Here's the tuppence worth: in Season of Mists in the Sandman series, Odin approaches Morpheus to buy the key to hell and he offers the collected energies generated by those who read and 'venerated' the Thor etc characters in comic books - so, I reckon in Neil's head - which is his world, just like the rest of us - gods derive their power from numerous sources and can - as Death does - exist in many places at once. So, Mr Wednesday is a distinctly American Odin, which does not preclude the existance of the Norse Odin, for example - and I believe the same 'rule' would apply to Anansi - also, he's something of an almalgam of all the African trickster gods - and that's quite a few deities - he's almost a metaphor for himself, if that makes any kind of sense - bear in mind that I've 12 bottles of Bud down the neck by this stage in the proceedings - it's 4am where I am.
cause and effect:
the best often die by their own hand just to get away, and those left behind can never quite understand why anybody
would ever want to get away
Charles Bukowski Septuagenarian Stew
Here's my opinion on the matter--people can agree or disagree, but I'm putting it out there nonetheless. This will be rather long.
When you look at the Anansi stories in Anansi Boys, you see that originally all the stories were Tigers. These stories involved blood shed and war.
When Anansi tricked Tiger and stole the stories, the world changed. The world transitioned from a merciless place to one of diplomacy and trickery, to one of words. To this end, whenever we value words over war, we indirectly value Anansi over Tiger.
It's not simply a matter of how his folklore was integrated into American society. His contribution affected societies world wide. The fact that people rely on these contributions grants him a power base here in the Americas. The main distinction between the gods and folklore is that folklore characters do not have to do anything, they merely have to be (American Gods). Anansi did something. He changed the world by his tales.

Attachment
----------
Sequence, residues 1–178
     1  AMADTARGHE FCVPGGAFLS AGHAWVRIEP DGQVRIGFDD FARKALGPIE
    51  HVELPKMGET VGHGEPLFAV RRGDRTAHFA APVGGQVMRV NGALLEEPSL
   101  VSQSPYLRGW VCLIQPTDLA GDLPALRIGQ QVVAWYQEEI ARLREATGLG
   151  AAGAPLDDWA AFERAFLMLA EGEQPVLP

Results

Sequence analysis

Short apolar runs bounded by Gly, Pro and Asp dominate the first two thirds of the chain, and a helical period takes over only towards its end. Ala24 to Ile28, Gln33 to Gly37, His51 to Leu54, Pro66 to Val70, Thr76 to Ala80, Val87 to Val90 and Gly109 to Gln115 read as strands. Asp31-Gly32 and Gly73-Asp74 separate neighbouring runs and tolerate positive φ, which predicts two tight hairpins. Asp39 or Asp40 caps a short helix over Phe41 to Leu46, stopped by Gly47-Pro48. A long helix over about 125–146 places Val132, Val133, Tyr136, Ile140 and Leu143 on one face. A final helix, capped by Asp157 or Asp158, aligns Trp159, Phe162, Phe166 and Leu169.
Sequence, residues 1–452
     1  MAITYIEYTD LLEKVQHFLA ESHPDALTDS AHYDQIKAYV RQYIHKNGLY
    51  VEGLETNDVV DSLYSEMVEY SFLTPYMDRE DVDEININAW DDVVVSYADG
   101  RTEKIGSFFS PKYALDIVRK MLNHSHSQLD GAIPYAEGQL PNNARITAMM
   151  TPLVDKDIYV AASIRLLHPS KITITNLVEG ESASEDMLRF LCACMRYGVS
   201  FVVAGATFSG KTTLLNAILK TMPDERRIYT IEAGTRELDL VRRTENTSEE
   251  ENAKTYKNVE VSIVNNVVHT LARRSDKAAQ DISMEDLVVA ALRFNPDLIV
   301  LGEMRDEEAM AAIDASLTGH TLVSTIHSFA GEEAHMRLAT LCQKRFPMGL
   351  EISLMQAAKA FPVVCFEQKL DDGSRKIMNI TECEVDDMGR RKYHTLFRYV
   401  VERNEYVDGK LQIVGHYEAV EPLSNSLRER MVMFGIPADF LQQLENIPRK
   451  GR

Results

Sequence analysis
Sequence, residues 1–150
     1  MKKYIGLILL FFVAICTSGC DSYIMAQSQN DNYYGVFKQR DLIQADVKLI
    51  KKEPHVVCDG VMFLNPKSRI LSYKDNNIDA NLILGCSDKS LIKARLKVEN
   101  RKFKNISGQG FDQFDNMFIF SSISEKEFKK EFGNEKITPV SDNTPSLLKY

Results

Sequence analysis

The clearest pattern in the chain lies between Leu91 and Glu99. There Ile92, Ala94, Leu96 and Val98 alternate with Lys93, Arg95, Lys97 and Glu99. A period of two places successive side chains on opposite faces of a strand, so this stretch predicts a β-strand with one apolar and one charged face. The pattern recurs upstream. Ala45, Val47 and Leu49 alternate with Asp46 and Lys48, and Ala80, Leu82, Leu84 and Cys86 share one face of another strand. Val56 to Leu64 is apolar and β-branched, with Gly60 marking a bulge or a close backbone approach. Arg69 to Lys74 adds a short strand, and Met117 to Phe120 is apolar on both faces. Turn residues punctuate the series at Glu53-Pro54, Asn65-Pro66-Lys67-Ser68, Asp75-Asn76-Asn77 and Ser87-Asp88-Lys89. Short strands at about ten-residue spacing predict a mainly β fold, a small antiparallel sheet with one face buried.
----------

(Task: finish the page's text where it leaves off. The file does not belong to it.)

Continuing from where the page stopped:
I believe Anansi represents the unique blend between folklore and dietism, further revealing that subjects don't simply exist in blocks and straight lines. To that end, I believe there is an original Anansi in Africa.
The extent of his power, however, comes with the realization that words alone cannot induce every action or reality. This is why I find it interesting that Gaiman paired Anansi with Czernobog throughout the text. They serve to balance each other--in my opinion, a common theme through out the piece.
As for Anansi's sons Spider and Fat Charlie, their powers are both linked to Anansi's and separate from them. Odin's original son, Baldur, represents a god of peace. "What you have to remember is that life and death are different sides of the same coin" (American Gods 480). Shadow bears the same inclination, as seen by preventing the war of old and new gods and allowing a society to progress.
As demigods, Shadow, Spider, and Fat Charlie can exist without praise and worship. They reflect old ideals and principles, while still maintaining the ability to actively influence peers and future ideals.
In fact, I would actually go so far as to argue humans are demigods in Gaiman's framework. We too are born of the old ideals.
Sorry, I've been inclined to think about these matters and rhetorical visions a great deal for my paper in one of the classes I'm in.